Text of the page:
Nothing was wrong with my friend deciding to keep his mother’s powered recliner chair. It elevated his feet and legs into the air, and then later would lower and deposit him onto the floor, similar to the workings of a forklift. Nor was it a mistake for him to let it become his favorite chair. The problem came when both he and the chair grew old on the same timeline. Synchronized aging. Metal parts wear down and tendons weaken. When they give out at the same time, it’s a serious situation.
He was sitting comfortably one afternoon in his electric chair–or, rather, his power recliner, with his feet and legs stretched straight out in front of him in the “up” position. However, when he pushed the “down” button, nothing happened. The chair did not move.He is a sturdy walker with strong legs, but when he chose to exit this trap by crawling over its arm, he joined the chair in malfunctioning. It was not a graceful fall from grace. The doctor thought he might have injured his “miniscus,” in his knee, one of those body parts that is best kept happy and painfree.
I’m sorry to report that I found this all pretty funny. Did I laugh? Possibly. However, about the same time he was recuperating with the attractive, wonderful, and lovely physical therapist Mimi, I was the one who was facing my own senior experience. I badly needed a new pair of glasses. After I had carefully picked out frames (wearing my old glasses that were none too helpful), I noticed a “Two for One” sale sign. I quickly grabbed a lovely lavender frame to use for reading glasses. What fun! And stylish! When the technician fitted my new glasses several weeks later, I swear he smirked as I put the lavender pair on. And he gave me a little purse-type case for them that had handles, not unlike one you’d give a five-year-old. Why would he do that, I wondered?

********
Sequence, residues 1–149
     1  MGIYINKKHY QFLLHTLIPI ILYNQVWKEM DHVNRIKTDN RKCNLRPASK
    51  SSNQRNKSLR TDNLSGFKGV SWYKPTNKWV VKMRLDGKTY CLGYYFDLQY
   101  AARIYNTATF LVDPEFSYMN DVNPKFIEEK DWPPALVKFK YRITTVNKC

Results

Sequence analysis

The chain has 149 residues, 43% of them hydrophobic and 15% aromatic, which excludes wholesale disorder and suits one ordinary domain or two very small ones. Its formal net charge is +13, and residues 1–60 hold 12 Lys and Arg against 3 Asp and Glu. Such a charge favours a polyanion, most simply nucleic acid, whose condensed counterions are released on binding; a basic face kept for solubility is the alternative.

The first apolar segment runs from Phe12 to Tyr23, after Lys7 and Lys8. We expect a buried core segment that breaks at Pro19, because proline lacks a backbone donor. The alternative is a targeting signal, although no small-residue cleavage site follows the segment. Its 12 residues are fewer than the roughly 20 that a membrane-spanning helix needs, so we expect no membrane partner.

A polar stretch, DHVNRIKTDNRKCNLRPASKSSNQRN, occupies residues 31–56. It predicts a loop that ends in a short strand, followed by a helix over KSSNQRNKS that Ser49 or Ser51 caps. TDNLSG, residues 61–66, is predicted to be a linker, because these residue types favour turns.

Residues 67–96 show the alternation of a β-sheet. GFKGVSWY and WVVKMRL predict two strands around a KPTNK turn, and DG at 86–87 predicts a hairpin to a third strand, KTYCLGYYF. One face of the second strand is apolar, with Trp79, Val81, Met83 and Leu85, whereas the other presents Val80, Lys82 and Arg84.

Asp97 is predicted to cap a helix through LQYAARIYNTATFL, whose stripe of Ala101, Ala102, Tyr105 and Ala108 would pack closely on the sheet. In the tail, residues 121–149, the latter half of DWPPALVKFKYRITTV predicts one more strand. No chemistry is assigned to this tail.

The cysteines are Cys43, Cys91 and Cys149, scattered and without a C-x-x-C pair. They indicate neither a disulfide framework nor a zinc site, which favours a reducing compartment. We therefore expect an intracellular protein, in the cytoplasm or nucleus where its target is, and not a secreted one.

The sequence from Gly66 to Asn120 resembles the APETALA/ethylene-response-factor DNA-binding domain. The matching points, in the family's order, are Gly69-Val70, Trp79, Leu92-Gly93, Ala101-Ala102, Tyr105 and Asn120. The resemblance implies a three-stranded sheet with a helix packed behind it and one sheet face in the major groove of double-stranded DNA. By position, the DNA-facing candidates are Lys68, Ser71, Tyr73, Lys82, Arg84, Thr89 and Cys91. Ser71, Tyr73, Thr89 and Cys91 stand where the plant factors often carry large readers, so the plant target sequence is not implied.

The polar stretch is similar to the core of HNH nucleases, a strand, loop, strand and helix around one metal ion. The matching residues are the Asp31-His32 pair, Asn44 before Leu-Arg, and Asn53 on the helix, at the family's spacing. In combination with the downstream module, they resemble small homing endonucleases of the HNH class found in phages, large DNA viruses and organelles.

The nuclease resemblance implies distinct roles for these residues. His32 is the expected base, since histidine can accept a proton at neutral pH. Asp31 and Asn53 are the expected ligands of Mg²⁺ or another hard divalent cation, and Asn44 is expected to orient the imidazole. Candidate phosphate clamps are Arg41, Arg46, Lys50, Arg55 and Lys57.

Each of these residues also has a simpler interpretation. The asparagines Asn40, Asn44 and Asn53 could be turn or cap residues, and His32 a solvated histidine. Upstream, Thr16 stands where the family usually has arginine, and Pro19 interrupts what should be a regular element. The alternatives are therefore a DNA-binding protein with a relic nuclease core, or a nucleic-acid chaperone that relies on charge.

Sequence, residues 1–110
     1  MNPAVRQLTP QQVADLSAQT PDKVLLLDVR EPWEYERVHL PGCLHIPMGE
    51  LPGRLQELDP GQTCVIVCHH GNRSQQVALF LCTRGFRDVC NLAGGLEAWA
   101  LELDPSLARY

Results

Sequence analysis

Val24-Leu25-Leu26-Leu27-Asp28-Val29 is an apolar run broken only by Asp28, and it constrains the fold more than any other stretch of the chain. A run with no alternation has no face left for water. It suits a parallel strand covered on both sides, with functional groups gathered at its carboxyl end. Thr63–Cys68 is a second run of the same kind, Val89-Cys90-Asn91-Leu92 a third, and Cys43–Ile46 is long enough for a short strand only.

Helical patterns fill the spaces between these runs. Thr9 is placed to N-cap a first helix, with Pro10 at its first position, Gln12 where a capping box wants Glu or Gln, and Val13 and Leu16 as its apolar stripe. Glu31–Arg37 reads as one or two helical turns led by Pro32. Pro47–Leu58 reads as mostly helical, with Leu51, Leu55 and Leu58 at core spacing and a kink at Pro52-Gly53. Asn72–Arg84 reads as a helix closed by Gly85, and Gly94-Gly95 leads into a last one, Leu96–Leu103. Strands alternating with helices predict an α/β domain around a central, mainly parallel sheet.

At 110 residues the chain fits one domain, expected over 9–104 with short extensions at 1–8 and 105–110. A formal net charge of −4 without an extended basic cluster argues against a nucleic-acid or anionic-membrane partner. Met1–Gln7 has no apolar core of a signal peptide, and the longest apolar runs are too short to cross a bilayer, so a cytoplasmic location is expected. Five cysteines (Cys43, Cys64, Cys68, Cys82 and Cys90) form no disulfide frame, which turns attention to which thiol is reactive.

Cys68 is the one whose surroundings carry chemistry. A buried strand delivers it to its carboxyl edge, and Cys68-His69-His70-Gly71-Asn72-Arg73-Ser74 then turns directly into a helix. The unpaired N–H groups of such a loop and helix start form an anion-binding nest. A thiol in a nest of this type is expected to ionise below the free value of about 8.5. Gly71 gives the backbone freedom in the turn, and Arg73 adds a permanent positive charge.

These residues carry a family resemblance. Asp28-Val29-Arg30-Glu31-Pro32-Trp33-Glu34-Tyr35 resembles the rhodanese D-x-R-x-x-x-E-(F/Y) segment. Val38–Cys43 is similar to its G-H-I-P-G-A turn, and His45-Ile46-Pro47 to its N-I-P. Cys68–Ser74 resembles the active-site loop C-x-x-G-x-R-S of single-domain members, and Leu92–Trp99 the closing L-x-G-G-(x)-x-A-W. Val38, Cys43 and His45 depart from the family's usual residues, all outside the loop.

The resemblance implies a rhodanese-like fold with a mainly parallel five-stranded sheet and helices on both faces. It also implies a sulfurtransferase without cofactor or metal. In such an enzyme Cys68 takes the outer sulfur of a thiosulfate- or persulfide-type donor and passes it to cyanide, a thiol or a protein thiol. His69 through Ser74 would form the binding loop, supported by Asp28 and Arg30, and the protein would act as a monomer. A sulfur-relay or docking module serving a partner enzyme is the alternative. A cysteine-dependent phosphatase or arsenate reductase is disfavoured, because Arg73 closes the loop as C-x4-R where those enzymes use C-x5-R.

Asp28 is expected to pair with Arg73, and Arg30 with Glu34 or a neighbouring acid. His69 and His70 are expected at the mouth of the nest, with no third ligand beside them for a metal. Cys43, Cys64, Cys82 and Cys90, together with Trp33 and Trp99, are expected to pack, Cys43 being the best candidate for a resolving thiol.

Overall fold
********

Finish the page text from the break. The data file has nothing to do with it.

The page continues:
A few days later I finally noticed the little “Hello Kitty” decal on the frame stems. I had bought a pair of “Hello Kitty” children’s glasses. I imagine I could have exchanged them, but I was way too embarrassed to go back. They probably have a note in their file on me, “This woman may need special handling.”
My friend has a new powered recliner and a knee that works just fine, plus he’s added a fancy gizmo with a big battery that will continue to power the chair should the electricity go out while he’s up in the air. My Hello Kitty glasses are long gone. Lavender, I decided, is not really my color.
We lose a lot as we age, including beloved family and friends. We don’t need to lose those little moments to laugh at ourselves. Madeleine L’Engle once said, “A good laugh heals a lot of things.” Fred Allen also wisely warned, “It is bad to suppress laughter. It goes down and spreads to your hips.”